The boy's jeans were a bit holey when I first got hold of them, and I'd originally made this long skirt out of them (which I liked, but didn't wear much).  The patches are from another, dark blue pair of jeans of his and a tartan-y piece from TLM's old jeans.
Something happened around the front pockets so that they are a tad higher than they should be  -but this is really the only thing that is slightly off. They fit really well. I think the softer denim at the sides helps these jeans to be comfy and have a bit of "give", compared to the selvedge jeans which are still quite stiff even though they have eased a bit with wear.

After taking these photos and wearing them for a day I shortened the hem just a little, about 2 cm. I have left the old denim raw at the hem but hemmed the dark denim bits. To me they are just about perfect!

I made myself a pair of selvedge jeans

I did it. I cut into my rigid Japanese selvedge denim and sewed myself some selvedge jeans (sorry no photos yet).
The sewing pattern I used was the Style Arc Sandra narrow-leg jeans, with the leg shortening and rise shortening described in my earlier post (about the jeans made with minimal stretch denim).

I made these additional modifications:

  • a flat bum modification in the back leg pattern, to reduce the amount of below-the-bum wrinkling 
  • redrew the legs so that the side seams are straight up and down, and the inner leg seams are moved to keep the leg width the same - based in this diagram on Pinterest (thanks Reyna Lay).

I decided to wash the denim before cutting into it. I can't tell for sure whether the fabric is raw or sanforised, but if it's raw and I wash it I'm sure the jeans will still fade nicely - just not as markedly as they do on unwashed raw denim.

Once I cut out all of the pieces I realised that I might have enough denim to make another pair as the leg pieces take up less than half of the width of fabric. Or I might make something easier to wear, like a skirt!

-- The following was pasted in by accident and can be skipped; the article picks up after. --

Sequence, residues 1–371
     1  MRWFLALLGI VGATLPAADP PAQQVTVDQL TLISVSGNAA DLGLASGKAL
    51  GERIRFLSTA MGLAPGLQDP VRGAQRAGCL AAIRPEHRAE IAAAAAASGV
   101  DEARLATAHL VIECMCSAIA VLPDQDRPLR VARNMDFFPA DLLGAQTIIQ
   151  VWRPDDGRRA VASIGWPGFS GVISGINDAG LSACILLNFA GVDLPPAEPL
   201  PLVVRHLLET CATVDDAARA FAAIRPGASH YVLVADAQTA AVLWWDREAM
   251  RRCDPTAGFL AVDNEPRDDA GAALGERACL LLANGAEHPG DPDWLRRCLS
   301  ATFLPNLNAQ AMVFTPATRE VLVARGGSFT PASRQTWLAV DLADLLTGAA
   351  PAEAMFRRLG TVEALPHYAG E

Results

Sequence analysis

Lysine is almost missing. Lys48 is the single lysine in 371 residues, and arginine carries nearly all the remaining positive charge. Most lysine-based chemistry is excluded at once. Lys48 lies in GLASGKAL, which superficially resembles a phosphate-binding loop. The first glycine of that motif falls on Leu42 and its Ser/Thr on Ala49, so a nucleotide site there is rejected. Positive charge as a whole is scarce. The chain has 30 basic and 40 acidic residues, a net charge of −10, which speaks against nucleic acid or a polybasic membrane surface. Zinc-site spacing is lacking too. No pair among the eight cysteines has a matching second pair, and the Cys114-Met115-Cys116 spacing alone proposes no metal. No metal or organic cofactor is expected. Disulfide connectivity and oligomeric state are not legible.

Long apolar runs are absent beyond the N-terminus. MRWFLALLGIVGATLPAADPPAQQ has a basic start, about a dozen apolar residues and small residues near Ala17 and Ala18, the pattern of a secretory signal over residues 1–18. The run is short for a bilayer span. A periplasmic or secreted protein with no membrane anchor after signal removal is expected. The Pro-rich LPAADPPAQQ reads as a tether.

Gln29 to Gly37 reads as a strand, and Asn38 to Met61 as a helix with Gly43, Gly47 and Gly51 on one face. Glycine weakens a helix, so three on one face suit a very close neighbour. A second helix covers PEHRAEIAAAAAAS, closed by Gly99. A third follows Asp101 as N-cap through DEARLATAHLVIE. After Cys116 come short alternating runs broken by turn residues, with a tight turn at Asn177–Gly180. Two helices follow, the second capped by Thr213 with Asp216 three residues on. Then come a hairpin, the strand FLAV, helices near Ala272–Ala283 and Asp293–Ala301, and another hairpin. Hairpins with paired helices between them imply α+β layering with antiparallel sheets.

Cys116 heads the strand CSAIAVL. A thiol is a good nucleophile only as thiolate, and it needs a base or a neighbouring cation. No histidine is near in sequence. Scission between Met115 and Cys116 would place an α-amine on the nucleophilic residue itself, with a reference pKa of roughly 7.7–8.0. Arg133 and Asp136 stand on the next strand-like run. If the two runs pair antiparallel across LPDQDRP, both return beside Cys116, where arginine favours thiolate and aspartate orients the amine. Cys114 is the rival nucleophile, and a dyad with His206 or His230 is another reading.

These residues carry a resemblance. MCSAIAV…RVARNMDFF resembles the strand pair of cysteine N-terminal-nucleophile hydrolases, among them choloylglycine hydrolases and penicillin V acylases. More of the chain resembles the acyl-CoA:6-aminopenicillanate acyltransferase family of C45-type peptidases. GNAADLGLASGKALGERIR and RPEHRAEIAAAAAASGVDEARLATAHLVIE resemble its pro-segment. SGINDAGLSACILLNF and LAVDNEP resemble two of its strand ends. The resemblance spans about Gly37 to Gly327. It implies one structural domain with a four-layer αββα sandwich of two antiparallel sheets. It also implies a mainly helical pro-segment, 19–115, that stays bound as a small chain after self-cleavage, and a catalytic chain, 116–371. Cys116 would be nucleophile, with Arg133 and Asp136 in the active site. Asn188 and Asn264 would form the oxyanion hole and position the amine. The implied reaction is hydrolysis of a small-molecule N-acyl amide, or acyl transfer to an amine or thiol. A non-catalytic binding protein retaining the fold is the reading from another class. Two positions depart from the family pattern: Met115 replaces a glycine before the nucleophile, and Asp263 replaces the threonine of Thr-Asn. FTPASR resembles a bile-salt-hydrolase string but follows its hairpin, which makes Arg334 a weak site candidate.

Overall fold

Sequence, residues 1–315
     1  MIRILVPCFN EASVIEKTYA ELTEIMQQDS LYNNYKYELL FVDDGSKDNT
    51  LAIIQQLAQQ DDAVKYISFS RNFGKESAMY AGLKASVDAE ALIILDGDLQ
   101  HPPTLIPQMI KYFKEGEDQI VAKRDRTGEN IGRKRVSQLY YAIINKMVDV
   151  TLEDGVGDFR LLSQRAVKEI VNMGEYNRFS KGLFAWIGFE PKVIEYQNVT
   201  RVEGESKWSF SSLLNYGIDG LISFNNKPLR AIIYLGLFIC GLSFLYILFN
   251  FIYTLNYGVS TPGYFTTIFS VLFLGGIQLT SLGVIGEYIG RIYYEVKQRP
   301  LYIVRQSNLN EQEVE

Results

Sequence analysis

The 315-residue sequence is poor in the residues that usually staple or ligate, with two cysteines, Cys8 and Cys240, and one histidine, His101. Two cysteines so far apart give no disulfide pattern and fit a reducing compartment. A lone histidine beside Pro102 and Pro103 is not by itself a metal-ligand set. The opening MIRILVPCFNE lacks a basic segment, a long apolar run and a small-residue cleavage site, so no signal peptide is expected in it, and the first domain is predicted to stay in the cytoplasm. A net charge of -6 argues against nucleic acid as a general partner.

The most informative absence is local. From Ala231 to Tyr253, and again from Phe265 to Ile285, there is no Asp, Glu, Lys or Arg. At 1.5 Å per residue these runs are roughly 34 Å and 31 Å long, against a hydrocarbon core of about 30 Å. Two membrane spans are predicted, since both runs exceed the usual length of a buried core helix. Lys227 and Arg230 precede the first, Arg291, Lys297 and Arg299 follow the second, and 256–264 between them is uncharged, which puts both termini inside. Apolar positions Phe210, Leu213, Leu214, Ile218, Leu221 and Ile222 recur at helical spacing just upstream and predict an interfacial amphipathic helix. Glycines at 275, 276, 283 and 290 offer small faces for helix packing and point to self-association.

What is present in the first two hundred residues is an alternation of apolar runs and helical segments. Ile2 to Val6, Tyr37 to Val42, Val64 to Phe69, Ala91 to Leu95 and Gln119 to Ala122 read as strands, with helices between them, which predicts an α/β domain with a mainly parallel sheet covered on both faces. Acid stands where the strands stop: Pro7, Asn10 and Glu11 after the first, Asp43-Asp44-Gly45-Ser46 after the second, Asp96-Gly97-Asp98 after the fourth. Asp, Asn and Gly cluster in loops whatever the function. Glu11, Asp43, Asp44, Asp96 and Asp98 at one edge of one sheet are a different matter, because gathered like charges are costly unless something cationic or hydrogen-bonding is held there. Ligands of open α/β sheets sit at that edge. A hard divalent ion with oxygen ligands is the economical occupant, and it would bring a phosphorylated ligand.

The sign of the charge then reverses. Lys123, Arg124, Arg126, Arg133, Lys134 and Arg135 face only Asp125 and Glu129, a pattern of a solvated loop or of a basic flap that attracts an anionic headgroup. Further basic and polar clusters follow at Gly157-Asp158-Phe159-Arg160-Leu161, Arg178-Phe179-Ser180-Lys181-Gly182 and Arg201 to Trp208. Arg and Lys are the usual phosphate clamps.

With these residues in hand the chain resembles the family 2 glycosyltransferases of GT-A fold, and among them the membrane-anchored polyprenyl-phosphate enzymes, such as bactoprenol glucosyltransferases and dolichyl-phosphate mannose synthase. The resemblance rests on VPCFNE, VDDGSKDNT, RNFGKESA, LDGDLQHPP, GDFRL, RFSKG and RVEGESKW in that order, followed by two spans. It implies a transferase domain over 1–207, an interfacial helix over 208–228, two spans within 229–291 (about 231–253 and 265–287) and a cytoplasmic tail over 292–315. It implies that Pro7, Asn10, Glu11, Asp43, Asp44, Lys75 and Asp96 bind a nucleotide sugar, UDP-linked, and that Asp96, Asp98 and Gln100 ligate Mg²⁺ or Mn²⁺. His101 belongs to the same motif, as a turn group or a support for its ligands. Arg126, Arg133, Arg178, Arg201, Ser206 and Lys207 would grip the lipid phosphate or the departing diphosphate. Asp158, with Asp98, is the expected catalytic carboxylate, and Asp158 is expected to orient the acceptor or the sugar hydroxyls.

Apparently rigid denim jeans are supposed to fit tightly at first, and they should loosen as you wear them and conform to your body. So I made them tight around the hips.

I've started wearing these in, though they still don't have or hems. They might shrink in the next wash, or I might decide they are just too uncomfortable to wear and not worth finishing!

These definitely fit better than my last pair as there are less back thigh wrinkles, but its difficult bending down in them.  I followed the advice to do the squat and lunge while wearing them, and squatting is a bit of a strain.  Am I too old to be breaking in stiff jeans?

Sunday, June 16, 2019

On the difficulty of being a discerning and conscientious consumer when you have health needs

I was going great with the solid moisturiser bars until winter struck and with it, ezcema flare-ups.
I did push on through but my skin was just not getting enough hydration, so I have had to go back to my plastic bottle of sensitive skin moisturer made from petrochemical ingredients, plus my plastic tubes of body moisturiser with the urea from petrochemical ingredients.

I will keep trying though!

I lost a friend and patted a cheetah

So during Queens Birthday weekend I found out that I had lost a dear friend. She had been living in Taipei (TLM and I had stayed with her at the end of 2018) and was looking forward to finishing up there after one more year, and then retiring early. I was in shock for a couple of days after finding out. We saw each other at least once a year although we were on opposite ends of the earth, and have known each other since I was about 16. I'm so going to miss her.

The boy recently had his 50th birthday, and he wanted to do a Close Encounter at the zoo with their two cheetahs. And because he is lovely he wanted me to do it with him.

The zoo's cheetah's are hand-reared so apparently the cheetahs both enjoy human contact. One went straight to the far corner, looking over now and again. The other strolled over, strolled past and repeated - sometimes stopping by for a pat.

It was quite different from having a close encounter with the red pandas, but that's the be expected...

These are all photos of the same cheetah - either Cango or Kunjuka, I forget which. Behind him are the boy's lower legs and, to his right, mine.

Friday, April 19, 2019

Style Arc Sandra narrow leg jeans

Although I have lots of pairs of jeans (8?), at any one time half of them are either too big or too small for me.